The Mediterranean Heart-Healthy Diet

The Mediterranean diet is one of the easiest diets to adopt and maintain on a long-term basis because it does not require radical restriction of total amounts of fat or carbohydrate. Calorie intake should be appropriate for maintaining a normal body weight. Follow these guidelines.

  • Eat an abundance of natural, whole plant foods, including fruits, vegetables, and salads. Try for seven to ten servings daily.
  • Include whole-grain, high-fiber breads and whole-grain pasta in your meals and snacks.
  • Keep saturated fat to a minimum: choose chicken, lean cuts of red meat, and nonfat dairy products, and use butter and cheese in moderation.
  • Incorporate fatty fish in your diet, especially salmon, sardines, trout, and tuna. These are good sources of omega-3 fatty acids.
  • Use olive oil as a source of monounsaturated fat.
  • Eat frequent servings of peas, beans, legumes, and nuts.
  • Drink low to moderate amounts of alcohol. Wine, especially red wine, is a good choice. Consumption should be limited to one drink daily for women, two drinks daily for men.
Avoid the following:

  • Foods high in sugar
  • Trans-fatty acids, which are found in processed foods labeled as containing "partially hydrogenated" oil
  • Processed "starchy" carbohydrates, such as food made with white flour
  • Oils high in omega-6 fatty acids, such as corn, sunflower, safflower, soybean, or peanut oil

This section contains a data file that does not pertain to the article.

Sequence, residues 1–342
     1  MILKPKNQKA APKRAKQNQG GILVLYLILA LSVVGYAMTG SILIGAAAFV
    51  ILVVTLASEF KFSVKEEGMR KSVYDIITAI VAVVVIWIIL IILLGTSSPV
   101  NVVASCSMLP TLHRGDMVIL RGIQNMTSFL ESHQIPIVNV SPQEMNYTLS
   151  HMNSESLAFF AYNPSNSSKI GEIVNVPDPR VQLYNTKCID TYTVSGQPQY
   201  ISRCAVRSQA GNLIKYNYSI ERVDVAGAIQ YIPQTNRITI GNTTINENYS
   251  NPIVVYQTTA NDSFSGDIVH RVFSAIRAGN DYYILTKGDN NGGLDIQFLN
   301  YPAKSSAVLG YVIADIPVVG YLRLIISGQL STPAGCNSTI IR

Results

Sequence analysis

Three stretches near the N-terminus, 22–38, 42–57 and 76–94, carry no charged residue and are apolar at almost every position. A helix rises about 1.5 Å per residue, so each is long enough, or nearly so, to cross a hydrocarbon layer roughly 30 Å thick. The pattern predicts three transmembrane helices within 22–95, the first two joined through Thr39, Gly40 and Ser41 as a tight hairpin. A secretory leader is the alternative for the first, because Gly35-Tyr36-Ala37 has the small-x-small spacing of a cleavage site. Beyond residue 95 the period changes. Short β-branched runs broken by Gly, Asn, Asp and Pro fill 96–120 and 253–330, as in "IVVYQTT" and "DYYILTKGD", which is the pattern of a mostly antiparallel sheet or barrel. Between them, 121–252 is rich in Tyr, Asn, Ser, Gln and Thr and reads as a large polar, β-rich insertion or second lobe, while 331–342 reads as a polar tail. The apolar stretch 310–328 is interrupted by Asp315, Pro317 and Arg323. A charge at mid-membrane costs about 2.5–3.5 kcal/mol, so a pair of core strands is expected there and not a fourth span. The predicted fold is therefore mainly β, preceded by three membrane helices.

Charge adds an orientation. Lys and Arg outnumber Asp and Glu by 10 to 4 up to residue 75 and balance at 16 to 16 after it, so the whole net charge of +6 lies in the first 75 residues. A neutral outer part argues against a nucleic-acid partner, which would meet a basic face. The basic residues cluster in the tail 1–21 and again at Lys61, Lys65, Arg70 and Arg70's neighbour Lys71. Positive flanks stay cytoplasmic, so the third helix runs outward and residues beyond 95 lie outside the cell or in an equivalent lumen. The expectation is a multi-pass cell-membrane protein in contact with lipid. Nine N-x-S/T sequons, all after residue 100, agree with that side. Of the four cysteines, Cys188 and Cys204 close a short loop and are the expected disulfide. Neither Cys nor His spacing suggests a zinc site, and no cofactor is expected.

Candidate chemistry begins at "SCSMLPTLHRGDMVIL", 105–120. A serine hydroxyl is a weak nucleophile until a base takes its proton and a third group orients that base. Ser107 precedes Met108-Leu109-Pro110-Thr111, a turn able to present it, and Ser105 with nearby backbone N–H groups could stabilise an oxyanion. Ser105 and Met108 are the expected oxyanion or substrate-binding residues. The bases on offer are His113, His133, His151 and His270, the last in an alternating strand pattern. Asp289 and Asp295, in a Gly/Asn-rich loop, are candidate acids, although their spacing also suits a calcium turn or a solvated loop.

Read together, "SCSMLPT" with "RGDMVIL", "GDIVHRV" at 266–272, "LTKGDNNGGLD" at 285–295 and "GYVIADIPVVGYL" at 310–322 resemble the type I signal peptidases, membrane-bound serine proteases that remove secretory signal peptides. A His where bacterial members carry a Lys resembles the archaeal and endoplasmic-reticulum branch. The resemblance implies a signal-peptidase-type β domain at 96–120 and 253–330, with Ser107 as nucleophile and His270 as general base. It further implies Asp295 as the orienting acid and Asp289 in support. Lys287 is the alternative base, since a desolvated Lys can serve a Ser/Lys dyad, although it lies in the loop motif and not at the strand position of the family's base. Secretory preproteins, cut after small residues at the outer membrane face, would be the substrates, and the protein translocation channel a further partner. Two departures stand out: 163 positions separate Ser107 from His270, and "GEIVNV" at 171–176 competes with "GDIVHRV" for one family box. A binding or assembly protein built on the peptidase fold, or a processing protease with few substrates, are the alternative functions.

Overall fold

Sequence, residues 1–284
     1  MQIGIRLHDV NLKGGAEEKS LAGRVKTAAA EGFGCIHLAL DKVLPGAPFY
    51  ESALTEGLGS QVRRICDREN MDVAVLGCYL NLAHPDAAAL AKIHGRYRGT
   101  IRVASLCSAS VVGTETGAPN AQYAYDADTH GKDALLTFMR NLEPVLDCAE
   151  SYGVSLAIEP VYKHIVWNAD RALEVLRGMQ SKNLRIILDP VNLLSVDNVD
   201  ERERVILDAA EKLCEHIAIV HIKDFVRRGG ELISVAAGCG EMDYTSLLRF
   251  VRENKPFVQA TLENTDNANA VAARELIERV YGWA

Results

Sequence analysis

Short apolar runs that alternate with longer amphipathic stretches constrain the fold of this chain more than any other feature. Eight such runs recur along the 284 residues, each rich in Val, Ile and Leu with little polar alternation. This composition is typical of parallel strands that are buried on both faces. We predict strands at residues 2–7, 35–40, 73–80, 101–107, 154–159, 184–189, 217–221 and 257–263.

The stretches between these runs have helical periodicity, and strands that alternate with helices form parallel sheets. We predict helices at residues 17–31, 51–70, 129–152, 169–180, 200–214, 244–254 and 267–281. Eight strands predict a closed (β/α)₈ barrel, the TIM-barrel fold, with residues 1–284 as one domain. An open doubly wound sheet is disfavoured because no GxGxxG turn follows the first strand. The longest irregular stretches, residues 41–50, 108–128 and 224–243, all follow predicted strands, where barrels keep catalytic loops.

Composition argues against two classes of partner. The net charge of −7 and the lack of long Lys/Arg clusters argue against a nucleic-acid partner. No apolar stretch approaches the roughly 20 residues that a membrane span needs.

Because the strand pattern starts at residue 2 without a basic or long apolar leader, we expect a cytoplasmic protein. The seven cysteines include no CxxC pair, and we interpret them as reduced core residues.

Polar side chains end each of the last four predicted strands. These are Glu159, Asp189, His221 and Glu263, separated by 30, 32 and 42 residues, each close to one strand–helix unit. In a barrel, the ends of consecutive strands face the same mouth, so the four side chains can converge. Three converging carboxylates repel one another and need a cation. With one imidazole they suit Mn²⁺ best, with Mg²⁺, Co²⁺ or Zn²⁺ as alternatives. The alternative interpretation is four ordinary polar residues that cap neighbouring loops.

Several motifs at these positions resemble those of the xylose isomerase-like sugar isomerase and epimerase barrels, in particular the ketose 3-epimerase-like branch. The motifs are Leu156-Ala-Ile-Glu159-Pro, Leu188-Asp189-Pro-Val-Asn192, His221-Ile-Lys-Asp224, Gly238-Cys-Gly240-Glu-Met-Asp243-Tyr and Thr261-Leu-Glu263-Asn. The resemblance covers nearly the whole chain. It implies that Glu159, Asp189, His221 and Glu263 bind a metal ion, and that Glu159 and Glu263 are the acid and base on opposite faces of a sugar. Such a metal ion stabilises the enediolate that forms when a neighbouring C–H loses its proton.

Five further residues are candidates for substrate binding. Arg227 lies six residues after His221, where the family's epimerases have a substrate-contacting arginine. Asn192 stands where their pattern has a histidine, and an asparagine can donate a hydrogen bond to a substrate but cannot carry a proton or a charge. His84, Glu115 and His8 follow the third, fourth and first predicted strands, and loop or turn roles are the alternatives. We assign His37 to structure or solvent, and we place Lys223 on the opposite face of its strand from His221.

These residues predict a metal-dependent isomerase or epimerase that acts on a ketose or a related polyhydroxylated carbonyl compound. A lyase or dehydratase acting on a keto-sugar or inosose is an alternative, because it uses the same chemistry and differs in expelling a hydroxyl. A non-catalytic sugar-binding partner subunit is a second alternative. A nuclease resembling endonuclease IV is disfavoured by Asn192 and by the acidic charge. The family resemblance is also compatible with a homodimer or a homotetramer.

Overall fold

Practical suggestions for incorporating the Mediterranean diet into everyday life

Category Consume Avoid
Fruits and vegetables Wide variety of whole fruits and vegetables; try for at least 7-10 servings per day Vegetables prepared in butter or cream sauces
High-fiber breads, cereals, and pasta Whole-grain bread and cereal, bran, brown rice Sweets, white bread, biscuits, breadsticks, and other refined carbohydrates
Protein that is low in saturated fat Lean cuts of meat (fat trimmed) or poultry (no skin); low-fat dairy foods (skim milk, yogurt) Bacon, sausage, other processed or high-fat meat, milk or cheese that is not low-fat, ice cream
Fish or other source of omega-3 fatty acids, at least 1 or 2 times per wk Salmon, trout, herring, water-packed tuna, mackerel (or fish oil supplement); flaxseed, spinach, walnuts Fried fish (except when pan-fried in olive oil)
Healthy oils for cooking, salad dressing, and other uses Extra-virgin olive oil, canola oil, flaxseed oil ("high-oleic" sunflower or safflower oil may also be an option) Omega-6 oils (corn, sunflower, safflower, soybean, peanut)
Peas, beans, legumes, and nuts Soybeans, lentils, or any kind of peas, beans, or legumes; tree nuts (eg, almonds, pecans, walnuts, Brazil nuts) Heavily salted or honey-roasted nuts; stale or rancid nuts
Alcohol One 5-oz glass of wine, a 12-oz beer, or a 1.5-oz drink containing distilled spirits with the evening meal Limit to no more than 1 drink daily for women, 2 drinks daily for men
Fat Emphasize whole, natural foods as above; look for "trans-fatty acid-free" margarine and snack foods Fast food, fried food, margarine, chips, crackers, baked goods, doughnuts, any processed food made with partially hydrogenated oil